02 Aug Camp. Community. Cleanse.
The hardest part of writing about TIT Jam is trying not to write Justin Sheaffer a thank you letter. It’s hard because after having spent the last year getting know Justin, I really don’t know whether there actually is a difference between the spirit of TIT Jam, and Justin himself. It’s hard because the honesty, financial sacrifice, and integrity that Justin continuously exhibits are unreal. It’s the stuff that bullshit corporate values and mission statements are made of except that it’s right there and it’s real. You can reach out and touch it. You can experience it and even have it for yourself. Most of all it’s hard because he deserves so much more.
TIT Jam is a week long parkour event that was born in 2011 after Justin had lost his aunt to breast cancer. Since its conception, it has brought athletes from all over America together to raise money and awareness for breast cancer with all of the proceeds benefiting the National Breast Cancer Foundation.
The first thing to know is that TIT Jam changes lives. If I look at my career path, my outlook for the future, and the state of my personal relationships, I can honestly say that TIT Jam has been the sole catalyst for the overwhelming positivity of it all. Coming together to sleep on the ground, get sick and get hailed on, and do backflips that help provide free breast cancer prevention has a profound ability to break down barriers, dispel preconceptions and inspire introspection.
Sitting in a circle at night, you look around into the fire-lit eyes of those with you, and you simply know that every single person there is your family. TIT Jam is the least exclusive clique in the world, it’s a club inhabited by rookies and pros alike, and the only event in our community where the first person to introduce themselves and greet you with a warm hug is more than likely your role model.
TIT Jam is a poignant reminder that as members of the parkour community we are each important pieces of something much larger and more impactful than ourselves. Sitting on the floor, on the last day of the event, Justin turned to me and gave me a new perspective on something old: As humans, our instinct is to want to be a part of something larger than ourselves. That’s the reason why so often people will come up and ask us to backflip. They’ve never seen anyone move the way we do, and they want to connect with and understand it on some subconscious level. Instead of getting offended and making snide comments, TIT Jam gives us a tool to stand up and say, “Yes, I can do a backflip. Do you want to donate to the National Breast Cancer Foundation?” As athletes, it’s incredibly easy to get bogged down in the nitty-gritty of day to day training. It’s important that we all remember not only the reason we began training in the first place but also the huge, sometimes lifesaving ways, that our individual training can positively affect the lives of those around us.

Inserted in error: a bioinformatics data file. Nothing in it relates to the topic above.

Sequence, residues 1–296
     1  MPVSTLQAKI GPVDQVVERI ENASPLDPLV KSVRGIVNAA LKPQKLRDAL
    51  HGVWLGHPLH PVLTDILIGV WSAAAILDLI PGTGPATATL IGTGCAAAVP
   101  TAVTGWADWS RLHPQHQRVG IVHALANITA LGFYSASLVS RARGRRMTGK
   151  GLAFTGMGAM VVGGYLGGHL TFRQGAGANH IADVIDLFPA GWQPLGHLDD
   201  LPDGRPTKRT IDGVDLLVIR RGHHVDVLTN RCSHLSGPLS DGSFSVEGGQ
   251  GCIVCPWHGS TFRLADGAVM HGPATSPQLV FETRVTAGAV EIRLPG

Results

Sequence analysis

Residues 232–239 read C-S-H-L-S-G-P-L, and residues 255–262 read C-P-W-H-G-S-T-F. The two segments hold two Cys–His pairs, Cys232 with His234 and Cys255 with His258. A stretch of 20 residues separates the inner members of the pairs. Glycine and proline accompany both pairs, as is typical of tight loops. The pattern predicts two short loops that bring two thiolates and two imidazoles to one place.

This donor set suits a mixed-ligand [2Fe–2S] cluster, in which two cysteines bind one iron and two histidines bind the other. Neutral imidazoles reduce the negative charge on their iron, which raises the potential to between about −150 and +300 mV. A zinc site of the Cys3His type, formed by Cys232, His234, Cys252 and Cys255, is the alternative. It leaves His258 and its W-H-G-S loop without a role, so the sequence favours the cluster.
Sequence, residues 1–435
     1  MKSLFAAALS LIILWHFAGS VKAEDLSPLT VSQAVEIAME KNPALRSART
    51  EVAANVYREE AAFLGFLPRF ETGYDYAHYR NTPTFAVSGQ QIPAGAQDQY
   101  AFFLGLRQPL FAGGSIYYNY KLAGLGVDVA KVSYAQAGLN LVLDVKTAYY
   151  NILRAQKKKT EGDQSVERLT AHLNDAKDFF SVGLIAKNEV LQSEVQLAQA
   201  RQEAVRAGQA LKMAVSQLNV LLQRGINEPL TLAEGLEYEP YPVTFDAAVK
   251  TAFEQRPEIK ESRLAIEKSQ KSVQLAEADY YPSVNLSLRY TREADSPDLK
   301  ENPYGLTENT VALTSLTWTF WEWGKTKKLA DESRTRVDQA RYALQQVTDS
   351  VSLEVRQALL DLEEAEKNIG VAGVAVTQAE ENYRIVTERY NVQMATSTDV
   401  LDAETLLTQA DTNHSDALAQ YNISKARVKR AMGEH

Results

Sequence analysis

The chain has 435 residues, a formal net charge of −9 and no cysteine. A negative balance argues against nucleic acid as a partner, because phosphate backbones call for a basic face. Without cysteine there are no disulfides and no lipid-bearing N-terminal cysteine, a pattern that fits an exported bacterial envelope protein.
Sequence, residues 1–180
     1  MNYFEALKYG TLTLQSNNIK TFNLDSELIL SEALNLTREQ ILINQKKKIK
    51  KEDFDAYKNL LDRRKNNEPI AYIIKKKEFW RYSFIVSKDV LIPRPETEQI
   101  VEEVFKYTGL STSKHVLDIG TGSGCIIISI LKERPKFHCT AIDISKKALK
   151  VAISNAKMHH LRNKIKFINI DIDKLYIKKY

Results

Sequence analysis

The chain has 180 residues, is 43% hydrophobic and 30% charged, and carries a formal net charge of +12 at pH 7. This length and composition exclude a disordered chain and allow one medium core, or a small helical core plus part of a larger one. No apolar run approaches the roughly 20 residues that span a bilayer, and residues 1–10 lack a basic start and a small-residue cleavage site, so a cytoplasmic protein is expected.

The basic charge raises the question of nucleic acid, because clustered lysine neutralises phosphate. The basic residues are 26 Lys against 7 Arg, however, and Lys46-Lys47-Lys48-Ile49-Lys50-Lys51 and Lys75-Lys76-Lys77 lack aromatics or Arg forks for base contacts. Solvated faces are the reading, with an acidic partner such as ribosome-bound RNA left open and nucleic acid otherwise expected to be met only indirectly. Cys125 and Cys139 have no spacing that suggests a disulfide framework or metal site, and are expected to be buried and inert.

When you get down to it, there are as many different reasons to come to TIT Jam as there are people who have been. As for myself, it serves as a reminder and a memorial. When we gathered together to pay our respects to Jimby, he had more friends at that moment than he ever could have known. TIT Jam is a powerful enough force that a father, who not even a year ago attended the funeral of his own son, stood in front of us and made a contribution that may well save the lives of many others. The thing that makes TIT Jam special is that the community which inspired that act is there for every single one of us, whether we ever need to call on it or not. That community might not be the only thing that keeps me ticking all year long, but it sure as hell helps.
On the third night, a friend came to me and said: “I’m never not coming to this event again.” I never asked why, and I didn’t need to, because if you’re at TIT then you understand.
In support of the National Breast Cancer Foundation